Quincy 4 Febry 1815
I received last Evening, all the articles you were so kind as to purchase for me. they were perfectly to my mind, and your Mem. accurate, expect in one particular, which was Seventy 5 cts Sent back to me by Charles, which is not charged, and which I Shall insist upon your doing, because I will not allow of any Such pranks—let me be proud as well as you. I also am daily calling upon you for acts of kindness, and receiving them from you. yet you are unwilling to receive a Small act of Justice. I Shall take it all out in Shoe <
I was dissappointed too, in not getting a Letter from Caroline. the P. had one from John, who said De wint and Caro. were well. I had a Letter from Mrs A. from Utica, in replie to one which I wrote her, when you was here I beleive—but of all the Letters which I ever received I am the most at a loss to conceive the meaning of this, and most puzzeld to know how to replie to it—a Stranger to read it, would concive, that She had been the most opprest injured woman in the world. She talks of having been “<
She had been> afflicted, most bitterly afflicted.” but She was at last Settled down; Shelterd from the Knocks and Shoals which for Some years past, had been ready to crush her to < atoms> attoms” then all this is interwoven with Religious reflections, and texts of Scripture, as tho She was just now brought to See her own lost estate and converted—I can Scarcely beleive that a women who was not deficient in understanding: and who used to write and converse Sensibly Should be so strangely bewilderd. I would Send you the letter to read and See what you can make of it, but I fear it would not to. You shall See it however—and my replie if I make one.
I am very glad to learn that miss Sumner is like to be so Eligibly Settled, and mr Wells so happily united
Mrs P. and Mrs Smith will be more agreably Situated together than apart. Let me hear from mrs Cruft, poor Quincy Tufts I fear will fall through at last, I wish it was possible to get him home, for Gen’ll Brooks we are anxious, and So I am for mr Rush—who I hear, is yet very ill.
a Letter was Sent to the post office for the Gentleman you named. I opposed its being published—I did not want to See a public controversy—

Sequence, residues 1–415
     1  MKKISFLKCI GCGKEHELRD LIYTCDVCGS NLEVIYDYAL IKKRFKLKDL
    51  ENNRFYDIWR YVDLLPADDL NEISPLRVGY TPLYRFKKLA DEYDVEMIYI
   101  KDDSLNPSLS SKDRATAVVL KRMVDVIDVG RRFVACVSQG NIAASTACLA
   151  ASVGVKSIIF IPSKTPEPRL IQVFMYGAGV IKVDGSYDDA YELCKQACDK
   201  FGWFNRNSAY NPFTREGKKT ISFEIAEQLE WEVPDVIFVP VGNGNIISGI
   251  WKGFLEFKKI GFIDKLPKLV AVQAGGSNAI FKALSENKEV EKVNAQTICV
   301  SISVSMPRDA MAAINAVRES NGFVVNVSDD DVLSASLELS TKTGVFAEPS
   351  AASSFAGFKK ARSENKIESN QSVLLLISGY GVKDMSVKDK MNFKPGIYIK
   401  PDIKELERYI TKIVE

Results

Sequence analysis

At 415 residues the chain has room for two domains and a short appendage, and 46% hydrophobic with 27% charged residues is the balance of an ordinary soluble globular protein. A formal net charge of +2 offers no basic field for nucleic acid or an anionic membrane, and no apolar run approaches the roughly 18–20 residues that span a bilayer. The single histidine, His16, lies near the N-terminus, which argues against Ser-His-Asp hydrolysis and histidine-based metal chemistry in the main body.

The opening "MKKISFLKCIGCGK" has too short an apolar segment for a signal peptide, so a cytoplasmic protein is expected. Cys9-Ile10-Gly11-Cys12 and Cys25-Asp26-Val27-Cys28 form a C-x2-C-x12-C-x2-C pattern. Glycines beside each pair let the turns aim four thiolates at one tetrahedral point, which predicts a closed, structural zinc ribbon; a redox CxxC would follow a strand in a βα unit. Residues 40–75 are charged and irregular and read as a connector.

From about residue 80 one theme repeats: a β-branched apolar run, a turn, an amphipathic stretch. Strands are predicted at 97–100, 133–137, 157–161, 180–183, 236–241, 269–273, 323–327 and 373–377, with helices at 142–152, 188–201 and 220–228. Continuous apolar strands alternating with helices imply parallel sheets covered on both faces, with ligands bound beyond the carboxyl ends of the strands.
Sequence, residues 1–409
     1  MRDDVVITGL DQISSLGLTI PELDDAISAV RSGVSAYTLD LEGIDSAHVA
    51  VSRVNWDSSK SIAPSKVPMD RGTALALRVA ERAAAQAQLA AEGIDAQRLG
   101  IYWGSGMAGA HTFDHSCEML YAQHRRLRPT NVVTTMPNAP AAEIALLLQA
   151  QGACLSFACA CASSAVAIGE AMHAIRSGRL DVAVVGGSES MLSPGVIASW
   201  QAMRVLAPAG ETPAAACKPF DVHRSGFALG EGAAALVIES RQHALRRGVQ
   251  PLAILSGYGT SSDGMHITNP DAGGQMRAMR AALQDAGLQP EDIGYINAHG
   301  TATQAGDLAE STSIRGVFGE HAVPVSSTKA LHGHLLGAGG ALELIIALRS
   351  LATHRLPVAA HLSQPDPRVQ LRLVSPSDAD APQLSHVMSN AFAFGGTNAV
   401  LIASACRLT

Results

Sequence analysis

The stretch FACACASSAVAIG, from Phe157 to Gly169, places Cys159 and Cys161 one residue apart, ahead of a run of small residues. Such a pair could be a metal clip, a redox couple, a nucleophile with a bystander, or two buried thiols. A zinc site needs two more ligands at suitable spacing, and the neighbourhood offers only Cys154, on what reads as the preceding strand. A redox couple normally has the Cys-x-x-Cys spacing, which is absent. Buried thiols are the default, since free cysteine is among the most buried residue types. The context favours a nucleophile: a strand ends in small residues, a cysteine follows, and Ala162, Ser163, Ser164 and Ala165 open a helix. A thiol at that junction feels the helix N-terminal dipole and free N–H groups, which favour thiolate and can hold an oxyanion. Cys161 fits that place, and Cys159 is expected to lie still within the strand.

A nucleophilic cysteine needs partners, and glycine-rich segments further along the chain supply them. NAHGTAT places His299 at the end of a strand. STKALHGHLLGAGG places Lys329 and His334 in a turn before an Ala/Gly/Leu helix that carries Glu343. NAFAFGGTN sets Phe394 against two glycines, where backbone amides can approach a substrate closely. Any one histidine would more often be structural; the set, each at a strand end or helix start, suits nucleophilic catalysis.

pray can you get Some patterns of Baby caps and the drawings for them? who for, is the next question? why poor little thing, she writes to Susan, that a Friend of hers, had applied for Such an article—then Says She has So much Sewing to do, that She has not time to write. I beleive She has got the Start of Caroline—or Caroline will not let even you know—so much Sewing! why her Mother Said that mrs Johnson told her, She Should not let her work at all—She Should only keep her to look at!! Nancy is gone to housekeeping. the reason given, She had So many Servants that She chose to keep House—I think her right, with or without Servants; I do not think the Man <
aught> ought to marry the whole Family. what queer fish they are!
Miss Elkins is with mrs Adams—She is a fine woman, very Sensible & unaffected you would be much pleased with her—
much depends upon the issue & fate of New orleans—if any thing more reaches to day, let us know tomorrow be so good as to get 3 bobkins—I inclose a dollor for to pay mr Perkins. dont Send any change out. I Shall draw when I want. Susan never found the Memo about the Sugar, till yesterday. I inclose 5 dollers for a quarter and a Bag Callender may Send it to your house—I want a Sample of powder Sugar and the price—if you meet with any muslin handkerchiefs in your [works] let me know, what kind of Silk handkerchiefs are those Winn advertizes
I did not fancy Dews Calicoes. they were not thick enough for winter. if you meet with any better Send me Some patterns
thank you I am [. . .] well enough to go below—but they will not let me. every thing froze last week my Ink in the well, and the pump So that we have not been able to work it Since. I never knew it so cold—
I have written to mr Vanderkemp, and told him, that you Seeing his request, had more than fullfilld it. I inclosed the Book; and expect you will have Some flattering compliment in return. I inclose you Madam De Stael, with one condition, that you make a coppy of it, and do not let it go out in the Slovenly manner in which it now appears.
Burn my Scrawls, they are only made to live an hour. beleive me dear Jewel of a Girl, as I heard a Gentleman call you a day or two Since / your Friend
If there is any difficulty with the Bill be so good as to get mrs Foster to Change it. I took it, or rather Susan did of her in change for the Shawl I bought of her
MHi: Adams Papers.